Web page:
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Clever Clooney 

A review of Confessions of a Dangerous Mind

Confessions of a Dangerous Mind (R)
Miramax Films

Somewhere in the press of the Christmas movie season, a really well-made, funny and incisive movie got released and then lost in the far corridors of Tinseltown.

Maybe Confessions of a Dangerous Mind is too artsy for the masses, or maybe it is too uncomfortable to take a trip down memory lane into the not-so-distant progenitors of today's reality shows, or maybe a biopic of Chuck Barris (creator and host of The Gong Show, as well as creator of The Newlywed Game and The Dating Game) isn't sexy enough to command center stage, but by God it should. This directorial debut by George Clooney is one terrific movie.

Loosely based on Chuck Barris' first autobiography titled Confessions of a Dangerous Mind (there was a second autobiography as well), it takes the pulse of post-WWII America with its new love for television, its cold-war paranoia, its transition from buttoned-down morality to free-wheeling free love and its delicious (sad?) hunger for instant fame regardless how humiliating (can you say Survivor?) The film follows Barris (Sam Rockwell) from lonely Philadelphia kid to Hollywood wheeler-dealer through the path of crass daytime television. At the same time, the film explores Barris' delusion (apparently detailed in his first autobiography and completely ignored in his second) that he was a CIA operative paid to kill people to keep the world safe from communism.

This is a terrific subject, providing all sorts of insights into an American psyche full of lust and paranoia, violence and crass humor.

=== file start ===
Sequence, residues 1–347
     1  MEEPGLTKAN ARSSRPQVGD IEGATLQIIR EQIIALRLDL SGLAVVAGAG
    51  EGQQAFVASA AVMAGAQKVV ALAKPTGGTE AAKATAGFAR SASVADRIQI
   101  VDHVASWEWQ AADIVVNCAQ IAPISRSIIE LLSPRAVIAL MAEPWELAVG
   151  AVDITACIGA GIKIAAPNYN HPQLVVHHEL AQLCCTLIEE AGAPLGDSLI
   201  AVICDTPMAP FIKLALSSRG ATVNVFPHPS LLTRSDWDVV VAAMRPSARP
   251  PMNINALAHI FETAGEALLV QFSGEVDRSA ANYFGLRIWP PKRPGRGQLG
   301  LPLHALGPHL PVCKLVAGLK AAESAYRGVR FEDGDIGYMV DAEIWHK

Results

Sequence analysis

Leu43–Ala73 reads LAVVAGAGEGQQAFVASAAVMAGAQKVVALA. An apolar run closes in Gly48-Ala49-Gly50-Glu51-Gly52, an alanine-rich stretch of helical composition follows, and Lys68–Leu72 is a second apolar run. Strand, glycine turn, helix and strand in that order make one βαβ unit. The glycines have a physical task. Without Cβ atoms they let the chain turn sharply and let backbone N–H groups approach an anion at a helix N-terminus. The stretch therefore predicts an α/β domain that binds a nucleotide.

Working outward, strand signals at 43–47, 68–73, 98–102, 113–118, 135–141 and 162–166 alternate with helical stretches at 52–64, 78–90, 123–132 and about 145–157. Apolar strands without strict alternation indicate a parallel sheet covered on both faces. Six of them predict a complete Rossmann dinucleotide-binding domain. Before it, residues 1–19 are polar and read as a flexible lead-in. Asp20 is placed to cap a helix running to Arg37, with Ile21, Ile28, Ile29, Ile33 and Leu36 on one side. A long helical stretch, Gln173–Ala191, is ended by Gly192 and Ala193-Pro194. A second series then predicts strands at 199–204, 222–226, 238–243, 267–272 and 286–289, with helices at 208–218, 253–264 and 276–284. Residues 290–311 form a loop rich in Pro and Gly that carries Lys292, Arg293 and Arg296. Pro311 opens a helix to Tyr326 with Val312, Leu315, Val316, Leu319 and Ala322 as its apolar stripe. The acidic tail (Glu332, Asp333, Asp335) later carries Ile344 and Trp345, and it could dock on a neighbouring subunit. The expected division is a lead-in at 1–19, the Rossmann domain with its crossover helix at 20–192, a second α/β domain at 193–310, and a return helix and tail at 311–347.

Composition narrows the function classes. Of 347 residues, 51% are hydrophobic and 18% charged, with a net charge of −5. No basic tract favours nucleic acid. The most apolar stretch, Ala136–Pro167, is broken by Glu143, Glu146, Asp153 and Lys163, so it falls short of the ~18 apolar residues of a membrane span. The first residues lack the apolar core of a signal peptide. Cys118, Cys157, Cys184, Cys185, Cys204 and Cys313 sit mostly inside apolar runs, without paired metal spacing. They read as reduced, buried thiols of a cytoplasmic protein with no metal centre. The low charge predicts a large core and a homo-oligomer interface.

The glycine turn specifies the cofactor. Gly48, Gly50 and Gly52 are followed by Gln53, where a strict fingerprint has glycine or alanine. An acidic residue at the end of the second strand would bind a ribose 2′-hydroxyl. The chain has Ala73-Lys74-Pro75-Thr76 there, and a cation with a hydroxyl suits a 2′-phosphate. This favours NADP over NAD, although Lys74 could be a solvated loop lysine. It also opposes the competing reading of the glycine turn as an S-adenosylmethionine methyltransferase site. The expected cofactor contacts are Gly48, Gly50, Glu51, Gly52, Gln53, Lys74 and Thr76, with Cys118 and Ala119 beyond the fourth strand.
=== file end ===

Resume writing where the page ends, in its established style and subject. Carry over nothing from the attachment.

Clooney and cinematographer Newton Thomas Siegel reinforce the weirdness of Barris and, by extension, America, by insisting that we see this film as an artifact, a made object. Through adept use of various film and lighting styles (close head-shot "documentary" interviews with the cast of The Gong Show, color-saturated '70s television sets, gritty black-and-white spy vs. spy sequences, etc.) Clooney focuses audience attention on the visual aspect of the film, and his part in making it.

This type of "look, folks, it's really a film" can get very tiresome very quickly, but Clooney (and screenwriter Charlie Kaufman) manage to avoid the tedious cleverer-than-thou trap through two acts of artistic generosity. First, they give the audience most of the tools necessary to "read" the film and thus to become participants in judging this life: famous actors appear in silly cameos, the CIA training is almost ridiculous, his CIA contact seems more like a mind reader than a spook.

Second, Clooney treats Barris -- who is in many ways a rather contemptible character -- with humor and sympathy by containing Sam Rockwell and never allowing his character to go over the top. Rockwell's performance is fabulous -- restrained, funny and sad. Drew Barrymore as Barris' sweet and hard-done-to girlfriend seems so natural that we can flat-out forget she's an actress.

This juxtaposition of obvious self-conscious filmmaking with "realistic" acting makes Confessions of a Dangerous Mind both interesting to watch and emotional to feel. In this first film, Clooney has managed a difficult balancing act, and if he can keep it up in subsequent films, this reviewer will be a happy camper indeed.

-- Andrea Lucard

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